Chopsticks are the simplest and perhaps the most convenient of all eating tools men have devised for themselves. Historical documents show that the use of Chinese chopsticks dates back over 3,000 years. Chopsticks are a symbol of Chinese culture, and the Chinese people are proud of them.
Chopsticks were called “箸” (zhu) in ancient China. This word was a taboo on ships because it was homonymous with another Chinese word “住” (zhu), which means stop. Ships stopping on route would mean an accident or disaster. In order to avoid the ominous sound, fishermen called chopsticks “快” (kuai), which means “fast” in Chinese. Later, people added the suffix “zi” to “kuai”. Thus, “箸” became “筷子” (kuai zi).
It is an age-old custom in the past that chopsticks should be part of a girl’s dowry, because the two Chinese characters “kuai” and “zi” are homonymous with the two characters “quick” and “son” respectively, suggesting having a son as quickly as possible in the coming years. People in some areas still observe this tradition today.
Since maintaining an adequate food supply was always Chinese people’s major concern, or the greatest concern between the Heaven and the Earth. In the past, chopsticks were sometimes buried with the dead to guarantee that he would not suffer from the shortage of food in his afterlife.
Chinese food lends itself nicely to eating with chopsticks. Everything is cut up into bite-size pieces before it is served, with the exception of the chicken, fish or suckling pig, which are sometimes served whole for people to appreciate before eating. If you want to have Chinese food in China, you had better learn how to use chopsticks.
The art of eating with chopsticks often presents difficulties to foreigners, but it is nevertheless easy to learn. The way the Chinese handle their chopsticks vary from person to person, but generally speaking, chopsticks are held in the right hand (many people do hold chopsticks in the left hands). The first, keep the low chopstick remain stable and let the thick ends of it rest naturally upon the junction of your thumb and your index finger. The second, the upper chopstick is held by the thumb, middle finger and index finger. In this way, the tips of the chopsticks can be spread apart or brought together to pick up a morsel.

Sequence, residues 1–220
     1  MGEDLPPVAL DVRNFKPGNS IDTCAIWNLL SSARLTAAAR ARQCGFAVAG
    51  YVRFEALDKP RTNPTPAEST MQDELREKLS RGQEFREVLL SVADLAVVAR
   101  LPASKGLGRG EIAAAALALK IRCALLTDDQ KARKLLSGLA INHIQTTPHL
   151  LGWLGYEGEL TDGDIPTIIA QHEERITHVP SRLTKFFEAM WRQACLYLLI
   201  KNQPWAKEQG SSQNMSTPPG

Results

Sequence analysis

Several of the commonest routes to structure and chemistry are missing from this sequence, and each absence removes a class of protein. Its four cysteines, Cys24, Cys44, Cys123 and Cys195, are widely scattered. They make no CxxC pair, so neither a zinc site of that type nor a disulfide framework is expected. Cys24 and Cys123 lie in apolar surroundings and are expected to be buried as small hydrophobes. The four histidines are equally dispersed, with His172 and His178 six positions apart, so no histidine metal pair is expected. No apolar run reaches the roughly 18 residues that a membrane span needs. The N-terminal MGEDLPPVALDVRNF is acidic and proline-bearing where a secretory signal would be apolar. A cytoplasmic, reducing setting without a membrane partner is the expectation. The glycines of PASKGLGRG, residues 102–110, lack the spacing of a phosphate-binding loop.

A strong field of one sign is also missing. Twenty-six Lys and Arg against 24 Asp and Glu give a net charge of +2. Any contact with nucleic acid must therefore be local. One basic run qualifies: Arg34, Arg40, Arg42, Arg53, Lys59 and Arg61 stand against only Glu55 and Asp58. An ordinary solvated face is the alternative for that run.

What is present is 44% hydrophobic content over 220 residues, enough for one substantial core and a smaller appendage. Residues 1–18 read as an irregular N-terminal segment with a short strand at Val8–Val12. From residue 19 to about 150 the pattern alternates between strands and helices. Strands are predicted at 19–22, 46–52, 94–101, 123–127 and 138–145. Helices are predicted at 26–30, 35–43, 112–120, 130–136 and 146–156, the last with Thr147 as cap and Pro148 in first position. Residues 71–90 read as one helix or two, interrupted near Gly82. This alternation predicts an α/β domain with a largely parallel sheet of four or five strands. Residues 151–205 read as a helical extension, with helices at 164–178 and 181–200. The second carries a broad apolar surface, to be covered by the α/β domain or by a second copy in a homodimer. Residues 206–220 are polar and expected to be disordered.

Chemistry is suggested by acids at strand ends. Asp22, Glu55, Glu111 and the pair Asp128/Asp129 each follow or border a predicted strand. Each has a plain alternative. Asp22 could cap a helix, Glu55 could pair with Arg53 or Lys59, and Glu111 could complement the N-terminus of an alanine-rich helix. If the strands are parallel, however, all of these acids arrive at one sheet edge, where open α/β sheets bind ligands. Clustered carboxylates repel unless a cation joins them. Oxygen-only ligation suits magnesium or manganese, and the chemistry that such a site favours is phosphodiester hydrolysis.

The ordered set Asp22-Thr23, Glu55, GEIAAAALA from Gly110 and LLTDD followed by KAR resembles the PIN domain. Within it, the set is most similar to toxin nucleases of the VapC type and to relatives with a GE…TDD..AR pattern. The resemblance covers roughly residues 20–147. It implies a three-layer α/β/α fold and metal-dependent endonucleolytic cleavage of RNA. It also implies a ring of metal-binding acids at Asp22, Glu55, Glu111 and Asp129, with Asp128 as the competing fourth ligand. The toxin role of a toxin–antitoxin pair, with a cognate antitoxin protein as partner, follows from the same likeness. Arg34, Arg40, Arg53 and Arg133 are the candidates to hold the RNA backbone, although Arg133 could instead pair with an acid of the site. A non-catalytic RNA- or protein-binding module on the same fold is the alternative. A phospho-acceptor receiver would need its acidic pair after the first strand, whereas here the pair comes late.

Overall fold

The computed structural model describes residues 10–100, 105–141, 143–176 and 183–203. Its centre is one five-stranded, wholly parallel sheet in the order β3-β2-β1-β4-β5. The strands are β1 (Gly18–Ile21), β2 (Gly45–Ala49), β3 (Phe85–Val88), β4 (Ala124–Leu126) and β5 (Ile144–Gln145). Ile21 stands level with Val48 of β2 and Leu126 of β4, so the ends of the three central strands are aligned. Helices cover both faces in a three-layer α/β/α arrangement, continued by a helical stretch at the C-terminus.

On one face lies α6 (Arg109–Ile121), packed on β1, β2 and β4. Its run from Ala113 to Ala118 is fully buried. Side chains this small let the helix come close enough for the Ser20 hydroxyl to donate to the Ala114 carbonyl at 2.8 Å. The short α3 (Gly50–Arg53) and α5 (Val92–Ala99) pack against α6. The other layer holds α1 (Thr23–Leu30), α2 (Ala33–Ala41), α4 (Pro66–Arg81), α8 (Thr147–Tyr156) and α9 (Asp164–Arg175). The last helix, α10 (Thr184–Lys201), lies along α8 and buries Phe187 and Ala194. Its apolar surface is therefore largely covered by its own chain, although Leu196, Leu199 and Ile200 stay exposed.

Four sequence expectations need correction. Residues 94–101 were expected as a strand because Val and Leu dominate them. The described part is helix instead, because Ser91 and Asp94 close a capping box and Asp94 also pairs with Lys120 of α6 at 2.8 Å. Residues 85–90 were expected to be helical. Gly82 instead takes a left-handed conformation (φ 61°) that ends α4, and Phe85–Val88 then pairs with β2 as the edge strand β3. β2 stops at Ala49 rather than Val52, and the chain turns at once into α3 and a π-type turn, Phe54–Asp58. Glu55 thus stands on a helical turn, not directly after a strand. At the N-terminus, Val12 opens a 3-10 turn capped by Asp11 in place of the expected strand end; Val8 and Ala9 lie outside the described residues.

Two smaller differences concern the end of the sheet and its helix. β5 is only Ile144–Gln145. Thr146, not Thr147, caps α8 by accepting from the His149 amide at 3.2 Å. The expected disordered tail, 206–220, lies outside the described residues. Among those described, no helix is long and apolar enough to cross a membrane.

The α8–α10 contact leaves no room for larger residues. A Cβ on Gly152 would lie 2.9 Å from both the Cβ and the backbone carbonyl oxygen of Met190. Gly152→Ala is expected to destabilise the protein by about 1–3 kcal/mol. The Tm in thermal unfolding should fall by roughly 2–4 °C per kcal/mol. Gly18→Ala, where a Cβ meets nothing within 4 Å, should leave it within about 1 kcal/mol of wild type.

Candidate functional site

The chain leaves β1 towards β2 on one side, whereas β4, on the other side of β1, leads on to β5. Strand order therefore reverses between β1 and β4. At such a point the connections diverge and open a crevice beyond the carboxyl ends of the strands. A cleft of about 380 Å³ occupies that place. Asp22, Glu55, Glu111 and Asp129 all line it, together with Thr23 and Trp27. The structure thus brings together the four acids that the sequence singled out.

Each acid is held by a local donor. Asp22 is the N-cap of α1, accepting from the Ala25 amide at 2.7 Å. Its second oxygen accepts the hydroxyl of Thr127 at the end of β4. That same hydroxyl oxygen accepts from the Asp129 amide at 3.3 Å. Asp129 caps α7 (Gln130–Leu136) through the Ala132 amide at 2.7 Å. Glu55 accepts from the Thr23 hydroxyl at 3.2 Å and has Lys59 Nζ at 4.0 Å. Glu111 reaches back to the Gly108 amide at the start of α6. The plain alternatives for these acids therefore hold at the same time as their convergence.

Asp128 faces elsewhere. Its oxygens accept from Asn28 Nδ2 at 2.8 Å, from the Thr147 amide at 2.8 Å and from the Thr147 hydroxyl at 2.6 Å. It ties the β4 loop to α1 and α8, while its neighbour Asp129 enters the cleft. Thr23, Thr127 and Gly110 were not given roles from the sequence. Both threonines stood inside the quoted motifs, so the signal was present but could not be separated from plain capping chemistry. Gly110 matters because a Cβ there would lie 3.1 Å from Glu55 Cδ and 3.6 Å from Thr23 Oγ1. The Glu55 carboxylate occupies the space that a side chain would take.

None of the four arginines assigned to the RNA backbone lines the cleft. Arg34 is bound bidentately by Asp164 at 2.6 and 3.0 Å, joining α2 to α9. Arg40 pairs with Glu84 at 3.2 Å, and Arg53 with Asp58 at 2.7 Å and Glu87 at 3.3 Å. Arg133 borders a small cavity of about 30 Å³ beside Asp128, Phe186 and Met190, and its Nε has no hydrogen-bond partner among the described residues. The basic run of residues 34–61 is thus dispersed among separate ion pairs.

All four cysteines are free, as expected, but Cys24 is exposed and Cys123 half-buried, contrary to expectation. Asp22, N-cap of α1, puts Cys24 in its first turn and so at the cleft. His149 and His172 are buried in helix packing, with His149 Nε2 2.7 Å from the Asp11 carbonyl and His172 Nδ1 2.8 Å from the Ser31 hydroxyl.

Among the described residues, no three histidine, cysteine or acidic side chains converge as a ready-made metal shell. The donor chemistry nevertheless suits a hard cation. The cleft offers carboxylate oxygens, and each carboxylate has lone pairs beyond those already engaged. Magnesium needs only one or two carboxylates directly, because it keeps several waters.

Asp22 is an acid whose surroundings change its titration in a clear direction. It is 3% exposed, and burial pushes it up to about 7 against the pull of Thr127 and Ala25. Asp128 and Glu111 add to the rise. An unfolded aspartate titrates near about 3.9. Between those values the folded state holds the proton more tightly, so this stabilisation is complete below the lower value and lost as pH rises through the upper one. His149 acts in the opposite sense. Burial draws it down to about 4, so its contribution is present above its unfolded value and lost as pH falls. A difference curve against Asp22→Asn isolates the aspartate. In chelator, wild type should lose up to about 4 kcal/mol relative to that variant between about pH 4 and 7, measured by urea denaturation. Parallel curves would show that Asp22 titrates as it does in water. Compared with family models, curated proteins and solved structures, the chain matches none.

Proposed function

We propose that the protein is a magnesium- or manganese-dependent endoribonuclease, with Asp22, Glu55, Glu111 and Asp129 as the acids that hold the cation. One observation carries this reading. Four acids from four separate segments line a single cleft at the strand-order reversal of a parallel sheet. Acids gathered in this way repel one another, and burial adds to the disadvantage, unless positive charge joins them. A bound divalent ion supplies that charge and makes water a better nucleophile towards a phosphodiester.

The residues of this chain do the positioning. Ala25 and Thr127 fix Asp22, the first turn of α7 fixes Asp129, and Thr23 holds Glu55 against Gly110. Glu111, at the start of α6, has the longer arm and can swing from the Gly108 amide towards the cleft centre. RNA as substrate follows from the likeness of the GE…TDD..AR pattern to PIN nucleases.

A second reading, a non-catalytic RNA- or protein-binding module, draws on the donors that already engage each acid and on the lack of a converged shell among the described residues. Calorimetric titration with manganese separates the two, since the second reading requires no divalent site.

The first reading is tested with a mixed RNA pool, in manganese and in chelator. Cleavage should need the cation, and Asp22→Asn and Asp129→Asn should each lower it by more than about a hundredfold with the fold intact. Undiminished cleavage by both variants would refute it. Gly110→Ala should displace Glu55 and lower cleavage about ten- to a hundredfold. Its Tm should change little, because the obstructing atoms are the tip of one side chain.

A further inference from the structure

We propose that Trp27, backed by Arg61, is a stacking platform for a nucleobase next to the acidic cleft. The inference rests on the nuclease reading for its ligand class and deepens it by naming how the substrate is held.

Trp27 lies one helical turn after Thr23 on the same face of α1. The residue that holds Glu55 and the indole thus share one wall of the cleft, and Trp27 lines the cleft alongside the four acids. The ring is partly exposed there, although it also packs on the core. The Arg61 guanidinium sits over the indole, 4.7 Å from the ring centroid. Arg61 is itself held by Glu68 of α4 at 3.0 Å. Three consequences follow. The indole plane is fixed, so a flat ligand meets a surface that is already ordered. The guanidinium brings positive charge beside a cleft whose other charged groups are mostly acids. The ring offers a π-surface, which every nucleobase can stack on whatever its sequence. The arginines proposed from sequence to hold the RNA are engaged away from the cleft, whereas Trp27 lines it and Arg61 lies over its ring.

Unlike Japanese chopsticks, Chinese chopsticks are blunt and round on the eating end. Apart from bamboo, wood, jade, ivory, plastic, silver and gold can all be used to make chopsticks. They are roughly the same length throughout China (about twenty-five centimeters). Special long bamboo chopsticks are used in the kitchen.
Chopsticks are not only used as eating tools and they have many other functions. In the past, silver chopsticks or wooden chopsticks inlaid with silver thread were used to test if a dish had been poisoned or not. The silver would turn black if it touched poisonous food.
As part of ancient Chinese diet culture, Chinese table manners are the traditional styles that are used for eating in the country. There are some taboos in traditional Chinese table manners.
- Never stick your chopsticks upright in the rice bowl, which will be viewed as an evil presage and will sustain the disapproval of the seniors. The reason is that, it is the unique way to show the esteem and care for the dead.
- Don’t tap on your bowl with your chopsticks especially when you are a guest, because people believe that is the humble behavior of beggars when they beg for food.
- It is considered bad manners to hold chopsticks all the time over the meal. The diner should put down the chopsticks beside his eating bowl or plate as soon as he sends a bite into his mouth.
- It would be impolite or even offensive to point chopsticks at other people during the meal.
Sometimes the host will serve some dishes with his or her own chopsticks to guests, which, unlike the West, is a way to show his or her hospitality. The appropriate thing to do would be to eat the whatever-it-is and say how yummy it is. If you feel uncomfortable with that, you can just say “thank you” and leave the food there.
Chopsticks are also used in Mongolian dancing. In certain dances, Mongolian girls have a bundle of chopsticks in each hand. As they dance, they beat the sticks against their shoulders, arms, waists, legs, feet, or the chopsticks in the hands of the others.